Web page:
What Photos Should Be Taken at a Wedding?

When I talk to brides who are planning their wedding, I often get asked about when and what photos I take at a wedding. I like the idea of a collaborative timeline, and while I appreciate being given more time for photos, I also like to make sure that the trains are running on time as well. 

In order to maximize my pockets of time, I’ve always thought of a wedding in sections or “modules”, so I can manage my time well and keep it all straight.  

This “module” system was something that has really worked for me over the years, and I was relieved recently to find out that I’m not totally crazy, and I know other photographers that do this as well. Basically the “module system” (I need a better name for it) is simply sectioning off the most “photo-able” (come to Will Malone Photography for the great photos, stay for the made up words) parts of the wedding. 

Disclaimer: I shot a wedding a couple weeks ago that really didn’t adhere to this system at all, so it’s not a set in stone thing by any stretch. There’s room for couples to mold their time into whatever they want, so don’t see this post as what I believe HAS TO BE DONE by any stretch. This is basically the most common layout for weddings in my experience.

I’m offering this list as a resource to anyone who has no idea where to start with their schedule, so hopefully, this can serve at least as a great starting point for planning your day.

Most of the time, a wedding is divided up into these sections or “modules” (geez I’m talking about weddings like I’m an engineer or something):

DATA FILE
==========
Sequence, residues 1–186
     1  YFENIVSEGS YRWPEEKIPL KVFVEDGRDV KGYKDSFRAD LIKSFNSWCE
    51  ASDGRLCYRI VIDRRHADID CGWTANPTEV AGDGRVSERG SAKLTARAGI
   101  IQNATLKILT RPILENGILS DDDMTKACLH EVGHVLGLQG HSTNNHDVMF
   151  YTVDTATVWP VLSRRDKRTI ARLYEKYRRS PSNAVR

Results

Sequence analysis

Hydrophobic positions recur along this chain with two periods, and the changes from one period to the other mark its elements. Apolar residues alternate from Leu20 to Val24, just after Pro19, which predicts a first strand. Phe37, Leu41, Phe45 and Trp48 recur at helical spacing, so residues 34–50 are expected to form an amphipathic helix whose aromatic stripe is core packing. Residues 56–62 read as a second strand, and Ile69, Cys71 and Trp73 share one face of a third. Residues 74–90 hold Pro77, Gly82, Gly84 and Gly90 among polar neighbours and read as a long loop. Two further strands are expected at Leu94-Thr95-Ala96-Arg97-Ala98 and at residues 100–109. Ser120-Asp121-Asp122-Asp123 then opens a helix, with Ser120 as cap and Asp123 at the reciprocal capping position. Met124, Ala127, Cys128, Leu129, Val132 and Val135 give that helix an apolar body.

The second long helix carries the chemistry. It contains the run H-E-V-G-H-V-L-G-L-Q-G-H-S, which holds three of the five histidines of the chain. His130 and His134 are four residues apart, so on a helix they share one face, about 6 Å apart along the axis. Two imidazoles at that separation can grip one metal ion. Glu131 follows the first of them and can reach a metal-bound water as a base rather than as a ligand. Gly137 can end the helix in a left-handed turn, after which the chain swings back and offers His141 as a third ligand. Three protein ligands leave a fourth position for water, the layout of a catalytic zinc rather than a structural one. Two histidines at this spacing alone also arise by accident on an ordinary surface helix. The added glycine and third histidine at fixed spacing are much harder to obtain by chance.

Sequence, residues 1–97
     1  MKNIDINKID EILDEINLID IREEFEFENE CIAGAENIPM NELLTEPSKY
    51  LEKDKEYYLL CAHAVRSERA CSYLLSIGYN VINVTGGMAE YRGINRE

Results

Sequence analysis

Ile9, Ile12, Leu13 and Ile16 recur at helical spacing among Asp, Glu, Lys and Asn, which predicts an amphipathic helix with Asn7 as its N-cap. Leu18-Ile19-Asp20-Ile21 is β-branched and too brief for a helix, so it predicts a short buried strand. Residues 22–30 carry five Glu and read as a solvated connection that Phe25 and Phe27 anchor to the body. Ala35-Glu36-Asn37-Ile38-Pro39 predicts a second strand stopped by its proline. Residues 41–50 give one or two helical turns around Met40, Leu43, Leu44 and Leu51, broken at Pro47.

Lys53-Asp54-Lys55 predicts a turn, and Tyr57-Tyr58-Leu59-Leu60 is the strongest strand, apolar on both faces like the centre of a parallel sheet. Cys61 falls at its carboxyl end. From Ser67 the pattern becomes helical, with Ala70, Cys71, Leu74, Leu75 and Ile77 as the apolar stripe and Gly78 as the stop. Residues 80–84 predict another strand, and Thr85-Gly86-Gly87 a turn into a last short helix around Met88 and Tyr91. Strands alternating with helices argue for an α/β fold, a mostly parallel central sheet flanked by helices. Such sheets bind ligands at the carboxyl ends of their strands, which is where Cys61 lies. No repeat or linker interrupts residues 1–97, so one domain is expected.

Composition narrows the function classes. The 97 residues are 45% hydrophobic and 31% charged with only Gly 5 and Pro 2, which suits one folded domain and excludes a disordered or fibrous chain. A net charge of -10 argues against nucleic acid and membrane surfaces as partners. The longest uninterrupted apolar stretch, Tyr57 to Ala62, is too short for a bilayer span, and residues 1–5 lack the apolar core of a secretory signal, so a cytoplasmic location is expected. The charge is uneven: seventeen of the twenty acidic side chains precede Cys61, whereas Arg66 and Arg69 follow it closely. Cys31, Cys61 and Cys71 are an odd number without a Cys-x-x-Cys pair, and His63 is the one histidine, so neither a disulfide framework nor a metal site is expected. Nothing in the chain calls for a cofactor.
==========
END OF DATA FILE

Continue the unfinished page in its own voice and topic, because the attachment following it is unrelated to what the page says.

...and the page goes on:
Getting Ready (AKA The Drumroll)

These are just fun candids of the bride and groom (separately) chit chatting and hanging out with their respective parties while getting ready. Or, normally, the bride and bridesmaids are getting ready while the groom and groomsmen play video games until 10 minutes before they have to get their pictures taken. 

This can also be a good time to get photos of the rings and other decorations if they are ready. 

Right after getting ready can be an opportunity for the father of the bride to come in and see his daughter in her dress as well.

Photos normally consist of: 

-Photos of the Wedding Dress

-Photos of the Bride Getting Make- Up and Hair Done

-Photos of Bride Putting on the Dress

-Father of the Bride reveal

-Groom Tying Tie/Putting on Suit or Tux

-Groom Practicing Vows  

-And ALWAYS Make Sure to Photograph ANY Fun-Having (Again with sounding like an engineer or something) 

Bridal Party Photos (AKA The Squad)

Usually the groomsmen are ready first, and this is when we take photos of the Groom with each groomsmen and then some group shots. Sometimes, although it’s happening less and less, this is also the time slot in which the First Look takes place. When there is a first look, this makes the bridal party group photos a little more logistically easy, because you can get photos of everyone all at once. 

If there is no First Look, typically, once I shoot photos of the groom and groomsmen, we will then hide the groom and bring out the bride and all her bridesmaids for their group photo and individual shots with the bride. 

Of course, this is again a template that can be adjusted as needed.

Photos in this section normally consist of:

Bride with each Bridesmaid

Bride with assorted groups of Bridesmaids (if she has any sisters or cousins in her bridal party)

Bride with all her Bridesmaids

Groom with each Groomsman 

Groom with assorted groups of Groomsmen

Groom with all his Groomsmen 

Then, of course, any fun ones like the Groom getting tossed into the air, or the Bride doing cool poses with her Bridesmaids, etc. 


Ceremony (AKA The Main Event!)